Your Privacy

tl;dr version:

  1. I have a voyeuristic urge to see which pages of my blog are most popular.
  2. I run an open-source web analytics package that will track your visits to pages on this site only. This literally cannot track your visits anywhere else.
  3. It sets a first-party cookie. This literally cannot track your visits anywhere else.
  4. It does not collect personally identifiable information.
  5. You can set do-not-track, disable JavaScript, or stop visiting my blog to opt out of the web analytics.
  6. My server (like almost all web servers) logs IP addresses, timestamps, URLs, referrers, and user agents. You can stop visiting my blog to opt out of server logging.
  7. If you don’t opt-out, I’m assuming you’re OK with me seeing where you go on my blog.
  8. If you put an email address into the comment form, it’s only visible to me (not the world).

Longer version:

I am opposed to web tracking. I don’t like big corporations trying to piece together a profile of me and my visits to major sites through tracking cookies, eTag abuse, etc. However, I also would like more information on visits to my blog than is possible through analyzing server log files.

This site runs Piwik, an open-source web analytics software. This differs from, say, the ubiquitous Google Analytics in that the analytics data is not sent to a third party; it is analyzed by my own server and viewed only by me. Piwik tries to set a first-party (not third-party) tracking cookie that only functions on this site. It also use a small JavaScript applet to gather data. Neither of these tools work on other websites.

I find this to be a reasonable balance between your privacy and my benefit. Since the tracking utility is localized, I only have access to data about your visits here. (This would be true to an extent even if I wasn’t running Piwik–as with most websites, the blog’s webserver automatically logs IP addresses, URLs requested,  referrers, and user agents. The logs are useful for figuring out which IPs are trying to brute-force my admin credentials…) This localization is a major improvement over a third-party utility such as Google Analytics, which is used on many, many different websites, which in turn means that Google can easily correlate your activities across websites to build up a profile on you. That is a big no-no in my book.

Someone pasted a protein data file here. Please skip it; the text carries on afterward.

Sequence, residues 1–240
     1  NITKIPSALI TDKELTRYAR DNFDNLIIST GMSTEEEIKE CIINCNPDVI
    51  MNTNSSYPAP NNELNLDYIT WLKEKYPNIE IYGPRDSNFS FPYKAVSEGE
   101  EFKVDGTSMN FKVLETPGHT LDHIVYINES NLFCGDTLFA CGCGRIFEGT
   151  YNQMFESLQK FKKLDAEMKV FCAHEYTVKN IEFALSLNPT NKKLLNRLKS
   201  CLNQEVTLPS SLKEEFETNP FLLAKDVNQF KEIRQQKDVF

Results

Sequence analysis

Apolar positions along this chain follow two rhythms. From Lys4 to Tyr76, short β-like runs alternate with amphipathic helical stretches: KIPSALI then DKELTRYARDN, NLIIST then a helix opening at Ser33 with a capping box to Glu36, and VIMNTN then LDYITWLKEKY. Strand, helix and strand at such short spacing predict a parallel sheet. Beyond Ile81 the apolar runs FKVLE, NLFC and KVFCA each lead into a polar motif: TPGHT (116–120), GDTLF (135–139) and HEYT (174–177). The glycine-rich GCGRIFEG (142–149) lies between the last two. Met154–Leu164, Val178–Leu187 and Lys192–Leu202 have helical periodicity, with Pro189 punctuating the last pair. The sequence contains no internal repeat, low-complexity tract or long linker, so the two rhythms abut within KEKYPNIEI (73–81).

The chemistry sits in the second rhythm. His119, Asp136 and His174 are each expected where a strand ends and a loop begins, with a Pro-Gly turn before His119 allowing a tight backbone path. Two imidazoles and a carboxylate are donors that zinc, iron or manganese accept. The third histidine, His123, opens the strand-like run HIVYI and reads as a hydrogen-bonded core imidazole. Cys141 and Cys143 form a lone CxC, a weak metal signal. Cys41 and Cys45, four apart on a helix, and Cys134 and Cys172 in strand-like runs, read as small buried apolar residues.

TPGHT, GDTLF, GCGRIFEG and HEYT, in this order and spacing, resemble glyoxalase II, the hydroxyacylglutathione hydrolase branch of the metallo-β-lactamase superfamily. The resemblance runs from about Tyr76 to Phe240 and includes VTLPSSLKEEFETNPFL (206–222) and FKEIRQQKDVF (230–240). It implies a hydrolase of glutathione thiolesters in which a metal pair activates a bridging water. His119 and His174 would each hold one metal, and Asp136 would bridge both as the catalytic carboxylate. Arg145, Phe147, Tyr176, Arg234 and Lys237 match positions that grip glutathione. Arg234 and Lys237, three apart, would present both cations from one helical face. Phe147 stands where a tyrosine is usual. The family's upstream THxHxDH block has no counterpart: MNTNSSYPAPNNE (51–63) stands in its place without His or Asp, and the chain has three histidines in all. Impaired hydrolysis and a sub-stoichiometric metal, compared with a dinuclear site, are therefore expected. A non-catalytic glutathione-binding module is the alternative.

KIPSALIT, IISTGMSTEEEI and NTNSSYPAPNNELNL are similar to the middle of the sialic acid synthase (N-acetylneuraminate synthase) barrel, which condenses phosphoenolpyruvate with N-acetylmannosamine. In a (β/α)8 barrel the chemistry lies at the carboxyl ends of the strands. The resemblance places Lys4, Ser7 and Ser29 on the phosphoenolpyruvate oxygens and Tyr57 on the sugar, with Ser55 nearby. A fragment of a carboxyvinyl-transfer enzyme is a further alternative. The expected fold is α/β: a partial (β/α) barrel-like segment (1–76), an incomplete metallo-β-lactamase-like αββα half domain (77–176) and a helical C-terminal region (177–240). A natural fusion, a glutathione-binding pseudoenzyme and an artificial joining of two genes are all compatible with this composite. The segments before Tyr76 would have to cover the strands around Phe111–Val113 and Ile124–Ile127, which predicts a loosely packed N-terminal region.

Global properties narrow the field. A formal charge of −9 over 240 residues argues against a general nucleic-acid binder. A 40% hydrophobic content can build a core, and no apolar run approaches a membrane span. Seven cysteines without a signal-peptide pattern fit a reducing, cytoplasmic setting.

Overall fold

If you would like to opt out, you have a few options:

  1. Set the Do-Not-Track option in your browser. Piwik is one of the few pieces of software that I know of that actually respects this setting! Look in your browser’s documentation to see how to set this option. It adds a field to the headers your browser sends out telling advertisers that you don’t want to be tracked.
  2. Disable JavaScript. This also throws a monkey-wrench into many other analytics software. If you’re of technical inclination and/or just want to make advertisers’ days miserable, try Firefox’s NoScript plugin. Do note that this plugin breaks most websites when it’s in its “whitelist” mode, but it is incredibly powerful (and useful for stopping flash ads from auto-playing). While you’re installing Firefox plugins, you should also have AdBlock Plus, which is much more user friendly. Don’t browse without it!
  3. Don’t visit my site. I’m not being tongue-in-cheek here. If you really are opposed to a lone blogger having access to any information about you (such as the fact that you exist or like reading sarcastic blogs), this is the most sure-fire way to do it. This is also the only way that you won’t show up in my server logs.

If you don’t opt-out, I’m assuming you’re OK with me seeing where you go on my blog. Really, I think it’s a fair trade. I see which pages you visit and for how long, which search engine sent you here, etc, and you get my acerbic humor, menacing magniloquence, and all-around general sarcasm, not to mention technical advice and semi-amusing anecdotes.

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